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Where does particulate pollution come from and what can I do about it? (Besides wearing a mask all the time)

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I am not sure how many people actually barbecued over charcoal in their homes when they had a party, but almost everyone smoked, and the idea of second-hand smoke being harmful hadn't even been invented.

PM2.5 effects on health really couldn't be separated from all kinds of other environmental hazards, and even today a list of effects will vary from source to source. The Province of Ontario's list:

Exposure to fine particulate matter has been associated with hospital admissions and several serious health effects, including premature death. People with asthma, cardiovascular or lung disease, as well as children and elderly people, are considered to be the most sensitive to the effects of fine particulate matter.

New York State:

Particles in the PM2.5 size range are able to travel deeply into the respiratory tract, reaching the lungs. Exposure to fine particles can cause short-term health effects such as eye, nose, throat and lung irritation, coughing, sneezing, runny nose and shortness of breath. Exposure to fine particles can also affect lung function and worsen medical conditions such as asthma and heart disease. Scientific studies have linked increases in daily PM2.5 exposure with increased respiratory and cardiovascular hospital admissions, emergency department visits and deaths. Studies also suggest that long term exposure to fine particulate matter may be associated with increased rates of chronic bronchitis, reduced lung function and increased mortality from lung cancer and heart disease. People with breathing and heart problems, children and the elderly may be particularly sensitive to PM2.5.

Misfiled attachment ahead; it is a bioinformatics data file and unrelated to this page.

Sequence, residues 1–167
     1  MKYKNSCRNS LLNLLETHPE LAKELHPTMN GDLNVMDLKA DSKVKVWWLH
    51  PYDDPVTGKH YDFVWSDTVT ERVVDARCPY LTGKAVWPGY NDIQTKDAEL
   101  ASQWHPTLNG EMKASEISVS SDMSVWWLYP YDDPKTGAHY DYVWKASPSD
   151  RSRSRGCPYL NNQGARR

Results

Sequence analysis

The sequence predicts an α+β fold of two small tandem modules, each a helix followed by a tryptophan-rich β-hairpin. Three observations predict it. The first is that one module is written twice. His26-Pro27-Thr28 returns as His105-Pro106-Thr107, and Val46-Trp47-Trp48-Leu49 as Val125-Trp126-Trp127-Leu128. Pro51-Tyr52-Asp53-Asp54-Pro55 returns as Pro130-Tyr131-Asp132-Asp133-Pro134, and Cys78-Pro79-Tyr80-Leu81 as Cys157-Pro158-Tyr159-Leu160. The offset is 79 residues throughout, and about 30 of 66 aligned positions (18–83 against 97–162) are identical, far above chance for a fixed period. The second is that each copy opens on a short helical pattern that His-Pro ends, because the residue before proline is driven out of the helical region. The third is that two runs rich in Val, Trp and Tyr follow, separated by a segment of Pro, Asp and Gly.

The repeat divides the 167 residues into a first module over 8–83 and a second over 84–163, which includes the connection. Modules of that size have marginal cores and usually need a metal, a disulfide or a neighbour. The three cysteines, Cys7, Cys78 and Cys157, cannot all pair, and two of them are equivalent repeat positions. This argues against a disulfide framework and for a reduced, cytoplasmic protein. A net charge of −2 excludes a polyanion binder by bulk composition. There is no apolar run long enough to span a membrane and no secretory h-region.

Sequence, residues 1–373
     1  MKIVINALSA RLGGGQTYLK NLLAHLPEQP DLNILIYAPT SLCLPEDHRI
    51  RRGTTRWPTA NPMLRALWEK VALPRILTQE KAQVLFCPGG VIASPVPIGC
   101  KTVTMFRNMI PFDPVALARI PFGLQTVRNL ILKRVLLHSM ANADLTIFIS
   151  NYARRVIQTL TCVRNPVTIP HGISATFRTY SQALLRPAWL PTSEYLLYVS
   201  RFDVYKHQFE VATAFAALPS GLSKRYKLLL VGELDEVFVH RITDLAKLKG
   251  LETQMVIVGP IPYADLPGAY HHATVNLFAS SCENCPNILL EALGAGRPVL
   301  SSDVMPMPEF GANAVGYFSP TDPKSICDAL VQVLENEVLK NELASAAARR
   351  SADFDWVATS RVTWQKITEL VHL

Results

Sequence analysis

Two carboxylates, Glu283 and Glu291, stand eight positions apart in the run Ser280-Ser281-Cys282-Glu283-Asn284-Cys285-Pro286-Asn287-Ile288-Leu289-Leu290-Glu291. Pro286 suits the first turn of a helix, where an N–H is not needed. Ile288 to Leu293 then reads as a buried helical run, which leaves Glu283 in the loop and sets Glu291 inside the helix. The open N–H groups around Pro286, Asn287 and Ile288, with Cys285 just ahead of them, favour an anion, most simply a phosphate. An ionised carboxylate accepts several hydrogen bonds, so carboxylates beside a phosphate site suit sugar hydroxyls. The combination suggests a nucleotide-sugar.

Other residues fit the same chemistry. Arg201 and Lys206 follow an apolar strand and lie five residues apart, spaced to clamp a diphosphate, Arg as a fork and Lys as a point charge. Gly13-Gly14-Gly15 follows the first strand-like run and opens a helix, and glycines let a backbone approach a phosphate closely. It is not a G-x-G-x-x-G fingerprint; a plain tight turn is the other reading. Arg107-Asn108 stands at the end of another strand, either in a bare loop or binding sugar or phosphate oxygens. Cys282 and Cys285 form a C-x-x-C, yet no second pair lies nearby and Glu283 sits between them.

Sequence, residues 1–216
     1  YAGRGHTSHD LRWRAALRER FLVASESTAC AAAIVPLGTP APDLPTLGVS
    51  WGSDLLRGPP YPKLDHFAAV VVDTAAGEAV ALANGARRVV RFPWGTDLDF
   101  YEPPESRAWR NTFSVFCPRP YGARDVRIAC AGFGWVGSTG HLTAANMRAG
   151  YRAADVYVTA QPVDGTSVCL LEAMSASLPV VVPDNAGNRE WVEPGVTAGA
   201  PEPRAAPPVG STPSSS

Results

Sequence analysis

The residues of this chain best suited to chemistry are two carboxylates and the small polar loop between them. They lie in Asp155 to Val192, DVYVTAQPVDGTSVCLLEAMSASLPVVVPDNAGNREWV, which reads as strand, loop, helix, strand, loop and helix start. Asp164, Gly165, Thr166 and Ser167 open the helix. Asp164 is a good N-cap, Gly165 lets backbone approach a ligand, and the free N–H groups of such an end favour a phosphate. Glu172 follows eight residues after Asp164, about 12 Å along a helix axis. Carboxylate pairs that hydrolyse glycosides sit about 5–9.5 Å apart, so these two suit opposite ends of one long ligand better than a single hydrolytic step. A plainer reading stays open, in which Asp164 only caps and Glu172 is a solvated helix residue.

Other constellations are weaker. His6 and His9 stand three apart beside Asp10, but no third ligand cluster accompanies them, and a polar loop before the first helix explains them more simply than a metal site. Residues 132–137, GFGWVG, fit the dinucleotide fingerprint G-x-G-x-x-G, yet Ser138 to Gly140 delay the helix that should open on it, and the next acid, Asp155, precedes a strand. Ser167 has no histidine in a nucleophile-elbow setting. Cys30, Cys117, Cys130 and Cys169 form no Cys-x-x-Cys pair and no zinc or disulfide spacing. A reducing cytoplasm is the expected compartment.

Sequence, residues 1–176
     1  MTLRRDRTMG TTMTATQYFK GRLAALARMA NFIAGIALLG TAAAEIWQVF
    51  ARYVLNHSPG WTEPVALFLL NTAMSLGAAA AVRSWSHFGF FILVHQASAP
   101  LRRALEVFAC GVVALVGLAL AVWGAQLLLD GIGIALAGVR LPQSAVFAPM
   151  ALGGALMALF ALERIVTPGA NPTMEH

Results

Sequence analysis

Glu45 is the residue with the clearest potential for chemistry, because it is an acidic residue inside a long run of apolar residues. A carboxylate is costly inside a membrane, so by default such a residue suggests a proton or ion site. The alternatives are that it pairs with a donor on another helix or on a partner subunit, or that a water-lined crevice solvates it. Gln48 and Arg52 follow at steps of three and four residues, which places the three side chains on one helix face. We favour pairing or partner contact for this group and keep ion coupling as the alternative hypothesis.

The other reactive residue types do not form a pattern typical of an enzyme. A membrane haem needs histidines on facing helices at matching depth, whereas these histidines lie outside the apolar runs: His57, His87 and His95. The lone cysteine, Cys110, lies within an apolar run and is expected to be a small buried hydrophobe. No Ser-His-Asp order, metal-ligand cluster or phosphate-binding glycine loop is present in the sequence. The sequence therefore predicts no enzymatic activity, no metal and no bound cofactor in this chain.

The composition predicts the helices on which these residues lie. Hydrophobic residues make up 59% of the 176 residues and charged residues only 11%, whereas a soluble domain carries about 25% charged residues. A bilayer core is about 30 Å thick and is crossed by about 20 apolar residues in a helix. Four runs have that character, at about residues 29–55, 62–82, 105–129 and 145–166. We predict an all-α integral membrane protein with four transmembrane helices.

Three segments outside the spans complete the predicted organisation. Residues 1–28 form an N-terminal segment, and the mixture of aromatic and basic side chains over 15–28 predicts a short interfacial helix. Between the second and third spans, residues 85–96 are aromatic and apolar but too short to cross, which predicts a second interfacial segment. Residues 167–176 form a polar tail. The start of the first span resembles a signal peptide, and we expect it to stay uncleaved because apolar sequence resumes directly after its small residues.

DEFRA in the UK:

The biggest impact of particulate air pollution on public health is understood to be from long-term exposure to PM2.5, which increases the age-specific mortality risk, particularly from cardiovascular causes. Several plausible mechanisms for this effect on mortality have been proposed, although it is not yet clear which is the most important. Exposure to high concentrations of PM (e.g. during short-term pollution episodes) can also exacerbate lung and heart conditions, significantly affecting quality of life, and increase deaths and hospital admissions.

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